I remember an experience I had in the fall of 1960 some 58 years ago. Yet it is as fresh in my mind now as it was then. I remember where I was sitting when it happened and what the people around me looked like.
The scene was the Annual Freshman Cake Race at Davidson College. This was a tradition at the school where during Freshman Orientation all freshman were required to participate in a cross country race of about 2.5 miles. The tradition supposedly was started at the request of one of the early cross county coaches to allow him to identify prospects since cross country running was not a sport in most of the high schools that freshman boys had attended at the time. (Davidson was all male then.) The first fifty finishers out of a total 250 freshmen got to choose cakes made mainly by faculty wives (no female teachers at the time either), and Embry’s mother (wife of the college president) always took great pride in making a special cake. Rumor had it that one of the major status symbols among the Davidson village women was making the cake that was chosen by the winner.
The event had special meaning for me. I had been a polio victim in the mid 50s, having had to miss two years of school and never being allowed to participate in athletics. Now as a freshman and away from Nashville, except for my classmates from Nashville, no one knew that I had had polio, and I wanted to keep it that way. My doctor said I could try to do athletics “in moderation” and “within reason.” This was my opportunity to turnover a new leaf and reinvent myself. The paralysis that I had was mainly in my right hand, arm, and stomach, not so much in my legs. I had the fantasy that maybe I might have innate talent as a runner. The night before the race I dreamed that I charged ahead at the front of the pack and came in first in a moment of spectacular glory.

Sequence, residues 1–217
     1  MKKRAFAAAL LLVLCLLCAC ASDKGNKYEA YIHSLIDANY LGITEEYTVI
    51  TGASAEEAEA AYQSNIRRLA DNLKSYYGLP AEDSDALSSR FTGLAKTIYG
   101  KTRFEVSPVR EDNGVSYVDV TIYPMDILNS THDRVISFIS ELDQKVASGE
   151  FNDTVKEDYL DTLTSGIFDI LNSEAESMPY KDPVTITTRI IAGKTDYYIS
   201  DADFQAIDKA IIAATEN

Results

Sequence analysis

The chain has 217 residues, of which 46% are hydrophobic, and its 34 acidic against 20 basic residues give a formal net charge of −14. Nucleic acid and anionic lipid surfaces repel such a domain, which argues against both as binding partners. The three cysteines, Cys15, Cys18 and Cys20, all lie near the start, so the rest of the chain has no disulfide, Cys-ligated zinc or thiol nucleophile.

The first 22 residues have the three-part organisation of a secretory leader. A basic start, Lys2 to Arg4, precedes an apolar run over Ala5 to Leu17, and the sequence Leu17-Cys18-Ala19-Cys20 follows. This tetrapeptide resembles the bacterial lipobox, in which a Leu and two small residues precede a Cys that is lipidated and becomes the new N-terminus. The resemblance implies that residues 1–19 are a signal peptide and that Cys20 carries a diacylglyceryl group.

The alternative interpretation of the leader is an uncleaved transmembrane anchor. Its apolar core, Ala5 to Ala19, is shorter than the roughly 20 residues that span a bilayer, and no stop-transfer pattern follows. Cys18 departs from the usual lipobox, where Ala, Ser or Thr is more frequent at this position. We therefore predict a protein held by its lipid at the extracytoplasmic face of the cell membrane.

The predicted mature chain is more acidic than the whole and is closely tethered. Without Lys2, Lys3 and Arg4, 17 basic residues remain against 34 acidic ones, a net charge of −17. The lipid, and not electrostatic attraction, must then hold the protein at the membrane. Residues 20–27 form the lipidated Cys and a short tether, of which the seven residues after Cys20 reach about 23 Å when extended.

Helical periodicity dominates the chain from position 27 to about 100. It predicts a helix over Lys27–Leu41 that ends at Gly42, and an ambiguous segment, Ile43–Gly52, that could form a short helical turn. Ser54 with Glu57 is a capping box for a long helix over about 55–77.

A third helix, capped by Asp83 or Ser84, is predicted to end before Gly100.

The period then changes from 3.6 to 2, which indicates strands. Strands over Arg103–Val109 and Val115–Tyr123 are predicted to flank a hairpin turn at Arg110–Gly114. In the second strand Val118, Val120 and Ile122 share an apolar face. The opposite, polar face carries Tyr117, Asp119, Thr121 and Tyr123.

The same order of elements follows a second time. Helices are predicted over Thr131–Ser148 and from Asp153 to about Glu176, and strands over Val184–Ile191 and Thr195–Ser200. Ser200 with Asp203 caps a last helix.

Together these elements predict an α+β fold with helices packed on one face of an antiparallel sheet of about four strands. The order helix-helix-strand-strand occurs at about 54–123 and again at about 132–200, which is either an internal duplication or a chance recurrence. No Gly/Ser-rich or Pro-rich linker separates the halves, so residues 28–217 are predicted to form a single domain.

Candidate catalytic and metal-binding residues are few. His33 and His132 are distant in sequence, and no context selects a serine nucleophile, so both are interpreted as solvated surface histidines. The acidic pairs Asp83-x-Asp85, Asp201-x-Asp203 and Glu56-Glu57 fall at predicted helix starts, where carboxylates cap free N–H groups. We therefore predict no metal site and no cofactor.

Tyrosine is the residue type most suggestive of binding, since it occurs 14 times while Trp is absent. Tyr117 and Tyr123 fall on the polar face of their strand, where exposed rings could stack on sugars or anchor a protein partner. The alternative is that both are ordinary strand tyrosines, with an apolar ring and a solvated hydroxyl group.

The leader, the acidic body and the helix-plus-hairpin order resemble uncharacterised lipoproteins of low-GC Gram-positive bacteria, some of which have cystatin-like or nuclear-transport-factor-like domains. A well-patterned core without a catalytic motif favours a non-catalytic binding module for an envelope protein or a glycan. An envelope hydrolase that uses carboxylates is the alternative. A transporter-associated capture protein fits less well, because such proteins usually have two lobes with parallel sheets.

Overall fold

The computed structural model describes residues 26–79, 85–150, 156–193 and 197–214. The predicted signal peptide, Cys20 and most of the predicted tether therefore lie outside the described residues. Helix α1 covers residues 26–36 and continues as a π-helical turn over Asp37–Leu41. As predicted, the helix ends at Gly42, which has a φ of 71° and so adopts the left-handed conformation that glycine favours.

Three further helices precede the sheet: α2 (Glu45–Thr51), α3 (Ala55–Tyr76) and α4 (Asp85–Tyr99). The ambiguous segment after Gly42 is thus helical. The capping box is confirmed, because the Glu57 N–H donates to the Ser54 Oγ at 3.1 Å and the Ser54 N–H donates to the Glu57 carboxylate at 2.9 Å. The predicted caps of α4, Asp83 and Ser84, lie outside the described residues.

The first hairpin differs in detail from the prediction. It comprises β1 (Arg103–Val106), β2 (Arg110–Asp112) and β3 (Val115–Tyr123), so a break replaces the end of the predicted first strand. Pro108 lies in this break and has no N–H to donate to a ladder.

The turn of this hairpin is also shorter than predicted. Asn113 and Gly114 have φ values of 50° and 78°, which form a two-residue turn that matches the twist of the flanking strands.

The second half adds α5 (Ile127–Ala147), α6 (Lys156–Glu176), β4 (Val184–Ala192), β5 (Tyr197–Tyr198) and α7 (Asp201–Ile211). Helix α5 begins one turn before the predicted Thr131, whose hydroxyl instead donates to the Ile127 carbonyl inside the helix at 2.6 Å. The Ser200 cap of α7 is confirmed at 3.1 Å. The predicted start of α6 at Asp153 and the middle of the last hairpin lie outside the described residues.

The challenge was that I had never run a long distance before. In fact I doubt if I had ever run more that 200 yards at one time. But still, you never know. You would think that at least I would have given it a practice try beforehand and perhaps even train for the event. My excuse was the timing. The Freshman Cake Race occurred on something like day two or three of orientation. In any event, nothing ventured, nothing gained. Maybe this would be my moment.
As we lined up at the start of the race I was impressed with how many upper classmen were present to watch the race. This was a pretty big deal. I stood on the starting line with my heart beating at twice its normal rate anticipating the sound of the gun. Boom! Off off we charged! I was one of the first across the starting line. The first 100 yards or so were across a practice field before the racers reached an opening leading to a path that would wind through pine woods with their fallen needles providing a cushion for another two miles. I knew that if I stood any chance of doing well, I had to be near the head of the pack before we entered the woods. My start had been perfect.
As one who at age 30 began a lifelong passion of long distance running, I look back on that moment now in disbelief that I could have been so naïve. What exactly could I have been thinking?